Happy days!


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« Last Edit: May 16, 2024, 04:30:38 PM by SanRemo78 » Logged

Hawk HF3000 - Square Arch Stratos Replica - owned since 1988.
Alfa Romeo 159 T1 2.4 Q4 Sportwagon - Believed one of 4 in UK.
Fiat Panda 100HP and now!
A Lancia Beta Coupe 1981 2 Litre
peteracs
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Peter Stokes


« Reply #290 on: May 16, 2024, 07:43:56 PM »

Hi Guy

Good result, I needed to use a rattle gun on my bleed screws. On the pistons you can use compressed air without too much issue rather than rigging up any hydraulic setup.

Peter
« Last Edit: May 16, 2024, 09:48:11 PM by peteracs » Logged

Beta Spyder S2 pre F/L 1600
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SanRemo78
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« Reply #291 on: May 16, 2024, 09:34:40 PM »

Hi Peter, I really didn't want to use the rattle gun on something so small, if they hadn't given up with penetrating fluid the next resort was going to be a mixture of ATF and acetone and then some heat but at the end of the day it wasn't necessary.

One of the rear callipers is ready for reassembly tomorrow, I read the Haynes manual and it said don't attempt the disassembly of the return mechanism inside the piston but given that the new piston in the rebuild kit didn't have the internals there was no choice. In the end it all disassembled easily and, more importantly, went back inside the new piston very easily. I polished up the inside of the housing with Autoglym Metal Polish and there is one small mark in it half way down. I don't think it will cause any issues down the line though so it will all go back together tomorrow. Hopefully it's twin will be as good.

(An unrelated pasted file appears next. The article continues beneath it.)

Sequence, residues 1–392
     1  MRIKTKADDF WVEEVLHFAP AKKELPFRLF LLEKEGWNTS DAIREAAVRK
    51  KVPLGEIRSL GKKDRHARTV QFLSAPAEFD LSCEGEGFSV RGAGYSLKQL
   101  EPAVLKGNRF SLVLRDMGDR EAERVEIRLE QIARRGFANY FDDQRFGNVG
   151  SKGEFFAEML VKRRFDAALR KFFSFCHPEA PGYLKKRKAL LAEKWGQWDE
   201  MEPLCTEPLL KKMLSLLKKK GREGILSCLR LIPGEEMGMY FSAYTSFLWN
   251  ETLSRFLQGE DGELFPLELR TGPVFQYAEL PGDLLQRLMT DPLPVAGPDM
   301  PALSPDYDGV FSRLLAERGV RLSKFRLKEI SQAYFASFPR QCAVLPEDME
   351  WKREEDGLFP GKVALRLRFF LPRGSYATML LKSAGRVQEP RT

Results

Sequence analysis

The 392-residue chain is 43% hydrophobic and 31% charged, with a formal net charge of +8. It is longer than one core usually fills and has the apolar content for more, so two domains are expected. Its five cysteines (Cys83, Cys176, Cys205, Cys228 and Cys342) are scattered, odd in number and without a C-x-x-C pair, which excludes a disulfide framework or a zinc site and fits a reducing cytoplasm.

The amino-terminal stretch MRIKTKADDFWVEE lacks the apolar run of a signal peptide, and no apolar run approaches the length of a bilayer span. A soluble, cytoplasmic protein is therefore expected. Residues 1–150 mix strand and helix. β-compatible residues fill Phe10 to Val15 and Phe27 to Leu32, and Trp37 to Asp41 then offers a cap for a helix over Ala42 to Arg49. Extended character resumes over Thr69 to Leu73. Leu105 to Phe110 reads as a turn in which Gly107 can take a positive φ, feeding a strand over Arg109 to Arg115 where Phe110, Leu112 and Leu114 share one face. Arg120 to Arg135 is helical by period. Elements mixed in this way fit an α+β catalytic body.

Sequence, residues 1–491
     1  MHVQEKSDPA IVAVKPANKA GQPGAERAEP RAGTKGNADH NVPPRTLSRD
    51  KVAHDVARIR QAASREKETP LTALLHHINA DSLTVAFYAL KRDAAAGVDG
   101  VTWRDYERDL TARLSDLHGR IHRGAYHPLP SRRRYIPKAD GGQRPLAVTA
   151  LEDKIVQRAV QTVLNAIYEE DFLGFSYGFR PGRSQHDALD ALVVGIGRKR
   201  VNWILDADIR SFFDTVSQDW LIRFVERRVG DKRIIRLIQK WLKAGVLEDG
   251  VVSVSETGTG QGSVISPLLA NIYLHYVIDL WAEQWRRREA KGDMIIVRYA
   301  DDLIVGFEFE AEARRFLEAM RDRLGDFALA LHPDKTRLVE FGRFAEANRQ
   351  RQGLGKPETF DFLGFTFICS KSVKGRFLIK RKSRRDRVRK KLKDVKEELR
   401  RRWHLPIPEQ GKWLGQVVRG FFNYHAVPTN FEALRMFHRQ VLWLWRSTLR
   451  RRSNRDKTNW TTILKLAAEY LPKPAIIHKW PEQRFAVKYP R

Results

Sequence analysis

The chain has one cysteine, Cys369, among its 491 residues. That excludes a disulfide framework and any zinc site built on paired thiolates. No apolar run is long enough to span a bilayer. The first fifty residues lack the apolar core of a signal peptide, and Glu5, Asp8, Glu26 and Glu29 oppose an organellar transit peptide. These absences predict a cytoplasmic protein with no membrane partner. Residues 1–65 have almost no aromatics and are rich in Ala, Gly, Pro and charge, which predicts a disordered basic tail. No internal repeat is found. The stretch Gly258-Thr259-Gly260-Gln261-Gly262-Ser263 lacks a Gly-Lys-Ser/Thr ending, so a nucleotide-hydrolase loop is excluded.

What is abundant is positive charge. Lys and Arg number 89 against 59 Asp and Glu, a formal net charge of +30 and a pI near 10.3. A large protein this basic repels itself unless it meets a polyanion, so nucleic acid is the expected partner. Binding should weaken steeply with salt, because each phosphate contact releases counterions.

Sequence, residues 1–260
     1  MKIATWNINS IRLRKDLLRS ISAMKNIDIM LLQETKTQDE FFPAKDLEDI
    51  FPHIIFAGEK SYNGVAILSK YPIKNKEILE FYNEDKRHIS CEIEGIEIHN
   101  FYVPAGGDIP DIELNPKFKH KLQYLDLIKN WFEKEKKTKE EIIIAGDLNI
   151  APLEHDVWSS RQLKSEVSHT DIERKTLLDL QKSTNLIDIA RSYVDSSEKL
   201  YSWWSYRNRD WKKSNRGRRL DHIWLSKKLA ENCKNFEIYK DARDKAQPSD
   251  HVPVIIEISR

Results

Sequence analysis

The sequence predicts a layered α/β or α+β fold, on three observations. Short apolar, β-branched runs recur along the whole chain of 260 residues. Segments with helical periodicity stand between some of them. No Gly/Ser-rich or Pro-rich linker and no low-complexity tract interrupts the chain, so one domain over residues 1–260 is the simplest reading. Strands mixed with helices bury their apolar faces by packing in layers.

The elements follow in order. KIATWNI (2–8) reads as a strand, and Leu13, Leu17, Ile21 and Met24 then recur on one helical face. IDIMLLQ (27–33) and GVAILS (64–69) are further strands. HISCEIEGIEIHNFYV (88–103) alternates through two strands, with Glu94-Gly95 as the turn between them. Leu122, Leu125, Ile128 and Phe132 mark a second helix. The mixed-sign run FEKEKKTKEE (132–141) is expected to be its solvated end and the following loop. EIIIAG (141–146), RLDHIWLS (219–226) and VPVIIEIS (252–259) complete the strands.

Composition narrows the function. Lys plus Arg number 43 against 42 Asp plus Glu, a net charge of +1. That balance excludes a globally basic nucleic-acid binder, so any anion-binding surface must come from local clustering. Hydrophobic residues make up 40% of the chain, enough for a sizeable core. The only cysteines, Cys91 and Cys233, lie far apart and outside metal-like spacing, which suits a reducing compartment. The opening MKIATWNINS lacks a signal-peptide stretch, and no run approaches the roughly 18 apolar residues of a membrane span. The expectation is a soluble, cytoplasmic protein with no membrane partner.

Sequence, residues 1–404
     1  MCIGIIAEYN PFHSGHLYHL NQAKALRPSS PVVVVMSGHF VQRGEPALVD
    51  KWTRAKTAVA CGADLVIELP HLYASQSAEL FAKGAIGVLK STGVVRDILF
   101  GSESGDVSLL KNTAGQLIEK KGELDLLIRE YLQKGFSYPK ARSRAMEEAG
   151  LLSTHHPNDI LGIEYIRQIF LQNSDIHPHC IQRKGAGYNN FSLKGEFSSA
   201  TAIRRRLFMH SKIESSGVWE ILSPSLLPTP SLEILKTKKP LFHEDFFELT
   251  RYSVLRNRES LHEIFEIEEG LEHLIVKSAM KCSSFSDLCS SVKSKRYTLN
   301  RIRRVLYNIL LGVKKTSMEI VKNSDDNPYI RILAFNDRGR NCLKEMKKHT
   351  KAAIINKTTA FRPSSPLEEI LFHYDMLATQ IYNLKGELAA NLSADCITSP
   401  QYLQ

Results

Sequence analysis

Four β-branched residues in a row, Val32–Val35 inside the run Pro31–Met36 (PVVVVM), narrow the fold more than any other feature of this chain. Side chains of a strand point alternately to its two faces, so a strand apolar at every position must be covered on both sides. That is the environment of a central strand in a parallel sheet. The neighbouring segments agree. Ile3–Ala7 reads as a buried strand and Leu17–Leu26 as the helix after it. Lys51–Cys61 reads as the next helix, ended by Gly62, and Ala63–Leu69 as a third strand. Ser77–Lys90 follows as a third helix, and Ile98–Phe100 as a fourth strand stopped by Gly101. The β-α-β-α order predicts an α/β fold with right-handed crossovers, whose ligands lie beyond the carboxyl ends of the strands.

I've never dismantled a front calliper but the Haynes manual doesn't say don't do it so I'll have a go over the weekend. Unfortunately I don't have access to a compressor to shift them but I've got enough old hydraulic lines to jury rig something to shift both pistons. Geoff wants to see the disassmbled components, he's never seen anything like it and wants to get his head around how it works!

Amazingly none of the roll pins are damaged either so the standard Beta lines will locate properly. The only slight concern I've got is that all the locking pins are impacted into the bodies, I'm hoping I can lever them out to get them working again. If that fails I'll be employing a stainless long grub screw and tapping the calliper carrier.

Guy
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Hawk HF3000 - Square Arch Stratos Replica - owned since 1988.
Alfa Romeo 159 T1 2.4 Q4 Sportwagon - Believed one of 4 in UK.